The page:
Assessing the Impacts of Migraine, Tension-Type Headache on Employees’ Work Ability

Migraineurs and those with tension-type headaches reported poorer physical and cognitive work ability compared with their headache-free counterparts.

In a new paper published in the International Journal of Industrial Ergonomics, researchers assessed how migraine or frequent tension headaches affects individuals’ ability to work using self-reported information from over 5000 Danish study participants.

Among the findings reported, data showed individuals with a headache disorder have poorer physical and cognitive work ability, and that no medical treatment or medication overuse were associated with poor work ability.

Migraine and tension-type headaches (TTH) are the 2 most common primary headaches, while both conditions are more common among women. In addition, “migraine and TTH co-occur with emotional problems and poor mental and physical health, and these disorders have substantial consequences in terms of disability,” authors wrote.

Although previous studies have investigated generic measures of work ability associated with migraine, there is a lack of knowledge when it comes to specific work-related activities affected by headache disorders.

To fill this gap, researchers gleaned information from the Copenhagen Aging and Midlife Biobank, collected between 2009 and 2011.

All participants (n = 5551) were between the ages 49 and 61 and were occupationally active. Of the individuals who filled out the questionnaire, 4028 also completed a clinic examination.

Of the 5551 participants, 10.7% previously had migraine/ frequent headache and 9.2% currently had migraine/frequent headache; the percentage of full-time employees did not differ between groups, although holding a part-time job was more common among migraineurs/those with frequent headaches.

Adjusted analyses revealed that those with past or current migraine/frequent headache had higher odds of poorer work ability across all outcomes including:

  • The ability to handle physical demands (Odds Ratio [OR] 1.98; 95% CI, 1.58–2.47)
  • The ability to handle cognitive demands such as remembering things (OR 1.66; 95% CI, 1.40–1.98) and making quick decisions (OR 1.43; 95% CI, 1.19–1.71)

However, adjusting for depression and musculoskeletal pain reduced these associations and explained most of the symptoms observed, researchers said, noting both depression and musculoskeletal pain are ranked high in terms of years living with disability.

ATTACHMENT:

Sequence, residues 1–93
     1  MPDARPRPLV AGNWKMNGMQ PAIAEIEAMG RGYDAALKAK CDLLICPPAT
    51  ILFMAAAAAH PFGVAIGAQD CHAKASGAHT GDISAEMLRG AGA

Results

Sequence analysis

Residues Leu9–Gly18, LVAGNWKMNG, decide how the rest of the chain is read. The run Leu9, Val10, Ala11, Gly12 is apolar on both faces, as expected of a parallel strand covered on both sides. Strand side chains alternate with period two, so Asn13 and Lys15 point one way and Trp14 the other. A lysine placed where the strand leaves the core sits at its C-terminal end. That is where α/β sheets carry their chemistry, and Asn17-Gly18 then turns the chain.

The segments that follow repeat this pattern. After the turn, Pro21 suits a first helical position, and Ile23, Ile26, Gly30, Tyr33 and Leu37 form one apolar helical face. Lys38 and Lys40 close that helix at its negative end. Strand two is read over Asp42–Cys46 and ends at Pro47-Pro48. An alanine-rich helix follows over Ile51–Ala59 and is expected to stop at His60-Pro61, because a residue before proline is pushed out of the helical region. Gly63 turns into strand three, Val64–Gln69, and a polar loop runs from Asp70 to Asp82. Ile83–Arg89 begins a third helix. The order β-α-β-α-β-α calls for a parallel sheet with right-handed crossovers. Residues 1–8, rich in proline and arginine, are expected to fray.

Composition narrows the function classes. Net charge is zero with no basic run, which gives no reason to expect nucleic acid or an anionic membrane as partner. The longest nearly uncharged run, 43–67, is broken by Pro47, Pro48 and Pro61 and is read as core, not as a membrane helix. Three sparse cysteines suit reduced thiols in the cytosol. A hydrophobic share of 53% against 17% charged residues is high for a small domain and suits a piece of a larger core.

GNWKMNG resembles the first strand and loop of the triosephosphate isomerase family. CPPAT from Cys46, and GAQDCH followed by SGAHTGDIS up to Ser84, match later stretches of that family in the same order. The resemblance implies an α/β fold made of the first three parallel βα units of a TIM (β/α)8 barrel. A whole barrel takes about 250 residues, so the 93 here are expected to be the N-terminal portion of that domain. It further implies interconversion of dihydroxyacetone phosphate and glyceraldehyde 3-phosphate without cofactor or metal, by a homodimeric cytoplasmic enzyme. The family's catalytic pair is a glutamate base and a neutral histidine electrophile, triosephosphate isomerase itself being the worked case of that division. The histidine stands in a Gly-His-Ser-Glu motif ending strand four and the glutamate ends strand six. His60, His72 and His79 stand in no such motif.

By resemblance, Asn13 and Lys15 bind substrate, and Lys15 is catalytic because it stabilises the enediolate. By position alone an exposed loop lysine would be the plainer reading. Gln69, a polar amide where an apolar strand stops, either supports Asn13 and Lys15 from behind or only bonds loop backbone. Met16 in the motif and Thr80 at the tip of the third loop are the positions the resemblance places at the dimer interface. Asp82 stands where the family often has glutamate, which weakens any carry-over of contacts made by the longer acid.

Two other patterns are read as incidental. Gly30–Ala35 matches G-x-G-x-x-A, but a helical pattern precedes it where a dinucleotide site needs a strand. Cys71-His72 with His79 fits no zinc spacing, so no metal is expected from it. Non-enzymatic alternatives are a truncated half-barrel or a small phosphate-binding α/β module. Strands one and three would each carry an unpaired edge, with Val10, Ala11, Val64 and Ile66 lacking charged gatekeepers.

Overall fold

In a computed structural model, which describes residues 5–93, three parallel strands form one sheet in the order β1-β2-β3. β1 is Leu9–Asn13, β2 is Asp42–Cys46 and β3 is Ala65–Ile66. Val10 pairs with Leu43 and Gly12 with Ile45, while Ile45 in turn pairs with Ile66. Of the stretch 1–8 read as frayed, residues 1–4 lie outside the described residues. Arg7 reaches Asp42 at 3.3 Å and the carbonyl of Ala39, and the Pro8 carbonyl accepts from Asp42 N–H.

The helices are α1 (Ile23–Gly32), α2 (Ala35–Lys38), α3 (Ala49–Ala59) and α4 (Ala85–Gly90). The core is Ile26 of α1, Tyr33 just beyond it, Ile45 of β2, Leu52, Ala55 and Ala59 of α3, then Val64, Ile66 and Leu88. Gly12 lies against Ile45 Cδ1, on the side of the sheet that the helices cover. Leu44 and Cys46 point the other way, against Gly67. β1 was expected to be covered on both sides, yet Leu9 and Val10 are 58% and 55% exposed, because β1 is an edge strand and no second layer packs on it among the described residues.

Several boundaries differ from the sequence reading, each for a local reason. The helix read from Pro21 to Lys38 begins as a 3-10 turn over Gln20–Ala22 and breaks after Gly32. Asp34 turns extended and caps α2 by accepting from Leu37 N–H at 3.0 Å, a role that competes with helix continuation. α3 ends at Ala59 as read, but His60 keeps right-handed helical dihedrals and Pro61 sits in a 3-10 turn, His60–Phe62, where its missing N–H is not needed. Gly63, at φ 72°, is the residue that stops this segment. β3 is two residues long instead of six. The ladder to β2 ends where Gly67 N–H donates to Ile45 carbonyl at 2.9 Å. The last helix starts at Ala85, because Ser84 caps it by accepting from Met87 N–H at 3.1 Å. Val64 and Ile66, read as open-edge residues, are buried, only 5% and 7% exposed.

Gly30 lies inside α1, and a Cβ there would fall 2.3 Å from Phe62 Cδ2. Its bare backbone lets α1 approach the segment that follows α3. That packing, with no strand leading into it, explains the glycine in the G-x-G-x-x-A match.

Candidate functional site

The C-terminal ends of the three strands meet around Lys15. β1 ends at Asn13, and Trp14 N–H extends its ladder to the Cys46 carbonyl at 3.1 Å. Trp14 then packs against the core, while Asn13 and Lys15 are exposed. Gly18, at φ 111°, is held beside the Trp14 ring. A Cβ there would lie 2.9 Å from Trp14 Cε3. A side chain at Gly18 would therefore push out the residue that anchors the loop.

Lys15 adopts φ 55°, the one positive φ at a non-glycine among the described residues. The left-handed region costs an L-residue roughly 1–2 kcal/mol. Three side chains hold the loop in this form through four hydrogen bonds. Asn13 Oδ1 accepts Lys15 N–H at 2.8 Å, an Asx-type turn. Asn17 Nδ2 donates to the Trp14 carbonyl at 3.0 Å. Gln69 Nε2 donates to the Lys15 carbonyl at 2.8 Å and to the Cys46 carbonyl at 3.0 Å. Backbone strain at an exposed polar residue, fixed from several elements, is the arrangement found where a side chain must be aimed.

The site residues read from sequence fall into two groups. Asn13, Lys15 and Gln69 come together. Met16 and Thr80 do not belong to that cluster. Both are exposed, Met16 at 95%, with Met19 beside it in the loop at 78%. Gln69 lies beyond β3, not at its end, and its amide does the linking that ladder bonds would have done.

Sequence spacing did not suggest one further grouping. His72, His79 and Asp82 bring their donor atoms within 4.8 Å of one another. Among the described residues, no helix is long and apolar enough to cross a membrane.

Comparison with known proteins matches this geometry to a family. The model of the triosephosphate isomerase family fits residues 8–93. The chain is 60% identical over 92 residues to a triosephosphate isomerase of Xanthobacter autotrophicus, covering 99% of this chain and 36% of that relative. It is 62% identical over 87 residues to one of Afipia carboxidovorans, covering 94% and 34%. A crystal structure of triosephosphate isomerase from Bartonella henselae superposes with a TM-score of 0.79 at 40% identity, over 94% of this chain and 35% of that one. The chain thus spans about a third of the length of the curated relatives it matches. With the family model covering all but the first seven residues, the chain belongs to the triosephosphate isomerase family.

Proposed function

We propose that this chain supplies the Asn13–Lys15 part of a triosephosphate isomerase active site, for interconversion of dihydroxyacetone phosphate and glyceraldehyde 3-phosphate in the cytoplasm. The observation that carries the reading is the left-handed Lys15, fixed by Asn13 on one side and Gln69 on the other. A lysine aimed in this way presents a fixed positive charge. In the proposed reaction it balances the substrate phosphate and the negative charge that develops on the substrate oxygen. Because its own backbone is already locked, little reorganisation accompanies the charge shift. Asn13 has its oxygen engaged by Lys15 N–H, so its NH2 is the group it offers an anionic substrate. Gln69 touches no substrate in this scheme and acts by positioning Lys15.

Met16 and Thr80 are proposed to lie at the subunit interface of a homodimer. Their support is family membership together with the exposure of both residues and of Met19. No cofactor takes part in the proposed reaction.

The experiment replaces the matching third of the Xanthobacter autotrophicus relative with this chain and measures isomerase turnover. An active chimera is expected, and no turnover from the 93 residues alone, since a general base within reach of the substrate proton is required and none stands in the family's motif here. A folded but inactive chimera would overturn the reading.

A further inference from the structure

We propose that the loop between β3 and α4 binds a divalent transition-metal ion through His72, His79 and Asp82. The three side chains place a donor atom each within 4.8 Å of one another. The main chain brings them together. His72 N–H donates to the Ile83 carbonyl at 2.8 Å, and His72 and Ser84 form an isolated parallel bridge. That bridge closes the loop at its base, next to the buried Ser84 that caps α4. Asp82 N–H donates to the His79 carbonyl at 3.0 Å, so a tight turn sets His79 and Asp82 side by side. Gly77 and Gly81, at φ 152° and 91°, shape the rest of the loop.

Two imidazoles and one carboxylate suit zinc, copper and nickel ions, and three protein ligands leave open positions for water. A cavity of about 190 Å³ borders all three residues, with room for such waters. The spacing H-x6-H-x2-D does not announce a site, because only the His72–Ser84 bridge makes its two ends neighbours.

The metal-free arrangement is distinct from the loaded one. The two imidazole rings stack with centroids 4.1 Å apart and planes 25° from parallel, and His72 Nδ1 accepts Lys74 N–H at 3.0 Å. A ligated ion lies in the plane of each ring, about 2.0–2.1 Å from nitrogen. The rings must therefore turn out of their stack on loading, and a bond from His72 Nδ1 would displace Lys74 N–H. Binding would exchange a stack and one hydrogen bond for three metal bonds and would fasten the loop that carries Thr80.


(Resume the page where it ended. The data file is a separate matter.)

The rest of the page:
In subgroup analyses of patients who underwent examinations, “we found the poorest work ability among participants with migraine/frequent headache and no or daily use of medication,” authors wrote. “The strongest associations were found in relation to difficulties handling the physical demands and cognitive demands related to memory and decision-making, and additionally to the pace of work and to client-work among those not using medication.”

After adjusting for depression symptoms and musculoskeletal pain in this cohort, among those with current migraine/frequent headache and daily use of medication, “only the odds of difficulties handling physical demands were significantly higher than among participants without migraine/frequent headache (OR 3.70; 95% CI, 2.61–5.23).”

The overall finding that patients had poorer work ability than those without migraine is in accordance with previous studies that used sickness absence, productivity, and effectiveness as work ability indicators.

Because past research has shown changes in mood and neck discomfort may serve as warning signals of a migraine attack, authors hypothesized depressive symptoms and musculoskeletal pain could serve as mediators of the migraine/headache-work ability link observed in the current study.

“These insights open new avenues for treatment and improvement of quality of life and work ability among employees with headache disorders,” they wrote.

In the current study, those suffering the most severe headaches may have been out of employment, thus excluding them from the sample and marking a limitation. In addition, researchers were unable to assess frequency or severity of attacks. Clustering of headache disorders may also occur alongside other health-related factors.

Overall, “Current headache, combined with either no medical treatment or overuse of medication—both signaling suboptimal treatment and medical counselling—were associated with poorer demand-specific work ability,” authors said.

“Efforts aiming at improving work ability and thereby a sustainable attachment to the labor market should preferably adopt a multi-faceted approach taking both neurological, mental and physical health conditions into account, i.e., by managing co-occurring pain or mood conditions or introducing non-medical treatment options such as supervised physical activity,” they concluded.


Steenberg JL, Thielen K, Hansen JM, Hansen AM, Rueskov V, and Nabe-Neilsen K. Demand-specific work ability among employees with migraine or frequent headache. Int J Ind Ergon. Published online December 13, 2021. doi:10.1016/j.ergon.2021.103250

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